As the South East Asian country’s largest metropolis remains in lockdown, fears about global coffee supply have grown.
After a spike in instances of the Delta form of the coronavirus, the exporting center of Ho Chi Minh has been placed under stringent travel restrictions.
Vietnam is a significant producer of robusta coffee, a bitter bean used in instant coffee and several espresso mixes.
So far this year, wholesale robusta bean prices have climbed by nearly 50%.
Due to the siege of Ho Chi Minh City in the south-east, Vietnam’s exporters are having difficulty transporting products, especially coffee beans, to ports for distribution across the world.
The travel restrictions add to an already difficult situation for exporters, who are already dealing with a severe scarcity of shipping containers and rising freight prices.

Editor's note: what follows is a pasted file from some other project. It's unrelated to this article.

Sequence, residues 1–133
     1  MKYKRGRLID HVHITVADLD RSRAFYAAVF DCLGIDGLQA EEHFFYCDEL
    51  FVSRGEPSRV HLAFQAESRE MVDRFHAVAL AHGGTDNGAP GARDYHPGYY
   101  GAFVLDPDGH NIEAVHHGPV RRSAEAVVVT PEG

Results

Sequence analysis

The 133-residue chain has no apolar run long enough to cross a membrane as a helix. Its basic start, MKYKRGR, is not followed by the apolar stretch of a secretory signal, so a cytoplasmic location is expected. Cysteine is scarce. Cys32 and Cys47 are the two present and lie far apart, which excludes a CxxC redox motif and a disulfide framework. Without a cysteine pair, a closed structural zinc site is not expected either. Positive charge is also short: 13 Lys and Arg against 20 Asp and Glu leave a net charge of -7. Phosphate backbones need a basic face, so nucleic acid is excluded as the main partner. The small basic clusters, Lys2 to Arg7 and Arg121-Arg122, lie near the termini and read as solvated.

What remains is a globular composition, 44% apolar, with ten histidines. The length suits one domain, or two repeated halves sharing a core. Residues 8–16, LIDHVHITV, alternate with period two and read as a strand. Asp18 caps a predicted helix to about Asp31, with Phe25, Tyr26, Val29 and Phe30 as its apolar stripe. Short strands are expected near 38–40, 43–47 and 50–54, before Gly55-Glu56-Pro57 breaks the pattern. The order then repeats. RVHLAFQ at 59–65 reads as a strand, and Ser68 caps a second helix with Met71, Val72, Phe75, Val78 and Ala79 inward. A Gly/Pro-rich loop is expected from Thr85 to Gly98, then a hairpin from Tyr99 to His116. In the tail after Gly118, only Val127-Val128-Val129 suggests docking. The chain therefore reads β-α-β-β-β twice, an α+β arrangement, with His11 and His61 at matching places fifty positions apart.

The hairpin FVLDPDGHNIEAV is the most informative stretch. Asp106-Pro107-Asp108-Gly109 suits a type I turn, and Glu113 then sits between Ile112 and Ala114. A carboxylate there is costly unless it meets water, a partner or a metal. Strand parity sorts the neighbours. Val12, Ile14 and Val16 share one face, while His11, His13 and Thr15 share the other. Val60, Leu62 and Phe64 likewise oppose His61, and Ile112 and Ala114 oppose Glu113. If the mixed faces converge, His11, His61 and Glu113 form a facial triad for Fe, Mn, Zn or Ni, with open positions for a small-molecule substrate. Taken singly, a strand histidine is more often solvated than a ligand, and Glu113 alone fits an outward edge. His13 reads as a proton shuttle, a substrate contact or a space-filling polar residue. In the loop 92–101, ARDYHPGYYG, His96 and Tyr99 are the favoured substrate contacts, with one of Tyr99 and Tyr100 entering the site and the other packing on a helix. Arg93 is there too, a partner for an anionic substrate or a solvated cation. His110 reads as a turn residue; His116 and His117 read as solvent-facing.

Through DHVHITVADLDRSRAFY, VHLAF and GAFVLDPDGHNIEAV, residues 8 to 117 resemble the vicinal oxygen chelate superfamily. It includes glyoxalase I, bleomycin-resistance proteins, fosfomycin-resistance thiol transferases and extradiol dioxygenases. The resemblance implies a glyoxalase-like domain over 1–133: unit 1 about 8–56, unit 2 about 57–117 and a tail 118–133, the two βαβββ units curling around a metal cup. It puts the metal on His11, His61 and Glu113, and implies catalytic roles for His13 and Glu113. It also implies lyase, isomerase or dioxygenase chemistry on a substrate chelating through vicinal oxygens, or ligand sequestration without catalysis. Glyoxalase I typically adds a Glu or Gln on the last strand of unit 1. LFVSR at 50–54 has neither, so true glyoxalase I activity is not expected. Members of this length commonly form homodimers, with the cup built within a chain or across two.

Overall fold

The city and its ports play an important role in the worldwide maritime network that connects China and Europe.
The Vietnam Coffee-Cocoa Association and other trade groups have urged the government to relax the limitations in order to avoid future delays in shipments and associated expenses.
Last week, Vietnam’s transport minister responded to the concerns by instructing provincial officials in the country’s south to take steps to reduce needless barriers to commodities transit, especially coffee.
The problems that Vietnamese coffee growers are facing are only the latest in a long line of challenges that have plagued the sector.
Drought and frost have harmed the harvests of Brazil, the world’s largest supplier of quality arabica coffee beans.
The cost of unroasted coffee beans has risen to its highest level in almost seven years as a result of the worst frosts in Brazil since 1994.
According to accounts, the frost damage was severe enough that some coffee producers may have to transplant trees, which may take up to three years to recover.